LEGALLY BLONDE 2: RED, WHITE & BLONDE

3 Stars
Year Released: 2003
MPAA Rating: PG-13
Running Time: 94 minutes
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Spunk, a sense of style and just a dash of luck. That’s proven the recipe for success for the star of “LB2.” The petite performer in fact came this close to a life of total non-megahitmaking obscurity. It’s true: Trained at LA’s famous Studio Animal Services facility, Moonie-the scene stealing Chihuahua who portrays Bruiser in the film-was originally signed years ago as a double for the Taco Bell mascot Gidget. Unexpectedly, though, he grew to only half the size of the world’s biggest little dog and it looked as though the pup’s dreams of showbiz glory were destined to be tossed out with his poop scoopings.
According to Hollywood lore (the movie’s press kit), however, Moonie’s indefatigable spirit won so many hearts that the facility decided to help him find work elsewhere. The rest is history. A music video with Cher led to parts first on NBC’s “Providence” and “Three Sisters” then later to the surprise 2001 smash Legally Blonde and now its sequel. Today, at the age of five, Moonie is regarded within the industry as one of its most versatile and gifted quadrupeds.
It’s a recipe that hasn’t served Reese Witherspoon too badly either. A handful of years ago the young actress appeared destined for mid-level Gen X semistardom of the sort for which her Cruel Intentions costars have had to settle. But then along came a little film called Election. Witherspoon earned a Best Actress award from the National Society of Film Critics and a Golden Globe nod for her performance as a spunky, immaculately clad and borderline ruthless candidate for her high school class presidency.
In Legally Blonde, she dumbed things down and dressed things up playing a fashion-happy ditz who calls upon her vast reserves of spunk to earn a degree from Harvard Law. The Hollywood Foreign Press Association was cuckoo for this one too, nominating Witherspoon for Best Actress and the color coordinated comedy itself for Best Picture of the year.
It wasn’t until the following year that she actually did strike gold, however. The 2002 comedy Sweet Home Alabama featured the actress as, you guessed it, a spunky fashion designer who has to decide whether she belongs in the big apple or the southern backwater of her birth. The film was her first to break the $100 million mark domestically. It was so stupid even the Hollywood Foreign Press couldn’t keep a straight face long enough to nominate it for anything but it did earn its star something more valuable: the official title of America’s Sweetheart.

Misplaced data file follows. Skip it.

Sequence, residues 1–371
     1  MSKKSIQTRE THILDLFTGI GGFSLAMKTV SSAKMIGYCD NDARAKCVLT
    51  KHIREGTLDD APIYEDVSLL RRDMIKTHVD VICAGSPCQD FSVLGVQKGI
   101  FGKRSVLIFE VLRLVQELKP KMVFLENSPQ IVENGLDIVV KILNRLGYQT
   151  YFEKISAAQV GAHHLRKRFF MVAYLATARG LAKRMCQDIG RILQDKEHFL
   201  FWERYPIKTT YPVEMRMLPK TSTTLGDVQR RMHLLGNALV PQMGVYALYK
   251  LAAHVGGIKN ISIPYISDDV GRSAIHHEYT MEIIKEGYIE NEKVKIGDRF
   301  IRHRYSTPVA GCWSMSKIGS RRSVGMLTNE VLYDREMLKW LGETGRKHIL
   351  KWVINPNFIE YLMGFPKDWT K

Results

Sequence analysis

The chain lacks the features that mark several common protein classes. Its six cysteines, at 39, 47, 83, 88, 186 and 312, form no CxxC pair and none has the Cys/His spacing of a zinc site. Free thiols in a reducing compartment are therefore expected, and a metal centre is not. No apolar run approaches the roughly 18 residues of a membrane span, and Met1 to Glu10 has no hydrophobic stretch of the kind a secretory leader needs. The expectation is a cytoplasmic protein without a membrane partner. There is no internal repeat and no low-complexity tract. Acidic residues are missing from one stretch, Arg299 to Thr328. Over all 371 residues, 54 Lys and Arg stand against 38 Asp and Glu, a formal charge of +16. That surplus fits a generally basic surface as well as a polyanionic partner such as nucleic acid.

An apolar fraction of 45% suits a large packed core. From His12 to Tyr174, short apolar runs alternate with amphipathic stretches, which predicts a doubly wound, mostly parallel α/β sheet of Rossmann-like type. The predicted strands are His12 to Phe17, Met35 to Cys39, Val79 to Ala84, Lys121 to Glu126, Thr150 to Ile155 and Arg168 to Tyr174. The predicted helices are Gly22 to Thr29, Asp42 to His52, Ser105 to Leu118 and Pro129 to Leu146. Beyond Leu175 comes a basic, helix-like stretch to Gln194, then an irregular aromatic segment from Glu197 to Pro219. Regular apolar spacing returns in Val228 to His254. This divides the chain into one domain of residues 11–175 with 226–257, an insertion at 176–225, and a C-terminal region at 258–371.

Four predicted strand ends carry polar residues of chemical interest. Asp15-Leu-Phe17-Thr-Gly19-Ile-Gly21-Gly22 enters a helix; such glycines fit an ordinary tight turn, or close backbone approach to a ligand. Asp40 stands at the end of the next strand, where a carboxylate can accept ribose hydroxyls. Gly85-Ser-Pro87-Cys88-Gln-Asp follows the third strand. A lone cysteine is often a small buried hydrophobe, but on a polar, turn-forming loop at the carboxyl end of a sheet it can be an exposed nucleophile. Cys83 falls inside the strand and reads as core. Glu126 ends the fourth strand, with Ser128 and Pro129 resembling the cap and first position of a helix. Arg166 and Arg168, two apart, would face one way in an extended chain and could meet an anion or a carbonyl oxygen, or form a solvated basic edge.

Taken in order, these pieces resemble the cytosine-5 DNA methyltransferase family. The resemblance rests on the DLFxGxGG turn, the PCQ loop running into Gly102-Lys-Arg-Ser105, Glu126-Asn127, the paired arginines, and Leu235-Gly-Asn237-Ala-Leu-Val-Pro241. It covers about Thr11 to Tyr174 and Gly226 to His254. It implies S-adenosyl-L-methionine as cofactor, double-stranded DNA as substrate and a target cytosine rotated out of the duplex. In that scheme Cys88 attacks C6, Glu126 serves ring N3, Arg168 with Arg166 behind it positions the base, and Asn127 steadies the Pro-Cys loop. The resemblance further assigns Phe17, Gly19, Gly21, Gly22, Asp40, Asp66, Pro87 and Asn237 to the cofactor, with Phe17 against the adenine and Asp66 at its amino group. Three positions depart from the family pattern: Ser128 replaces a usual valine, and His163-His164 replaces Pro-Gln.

Not to mention her own production company, Type A Films, which-you guessed it-now brings us the sequel Legally Blonde 2: Red, White and Blonde. Witherspoon reprises the role of Elle Woods, the only corporate attorney in Boston who owns more pumps than Texaco. Moonie’s back too and plays an even more prominent role in this follow up. The idea is Witherspoon’s in the middle of planning the picture perfect wedding and, according to Martha Stewart’s official rules on the subject, one can’t plan beyond a certain point until all invitations have been sent out. That means tracking down her beloved dog’s birth mother, naturally. She hires a private detective and soon locates her in a prominent cosmetic company’s testing lab. Well, hell hath no fury like an impeccably coifed lawyer who’s Chihuahua’s mom is being used as a lab rat. So it’s off to Washington where our heroine plans to call upon her vast reserves of spunk to get animal testing outlawed.
As directed by Charles (Kissing Jessica Stein) Herman-Wurmfeld and written by Kate Kondell, the picture is a perfectly serviceable fusion of Clueless and Erin Brokovitch although I should add: Perkiness Alert! Much of the banter and many of the gags are amusing but Witherspoon cranks the perkiness to off-the-dial levels here and anyone with low tolerance for superpeppy movie do-gooders should consult a physician before viewing.
Anyone, on the other hand, who liked the original will no doubt have no problem with the “LB2.” Little of what happens is anything you haven’t seen in other Capitol Hill comedies about outsiders who beat the system against all odds. At the same time, Witherspoon is winning, the dog is cute (or is it the other way around?) and, if their dialogue doesn’t keep you laughing, it’s a safe bet their matching ensembles will.
Look up lightweight summer fun in the dictionary. This is the picture you’ll see.



Posted on July 7, 2003 in Reviews by
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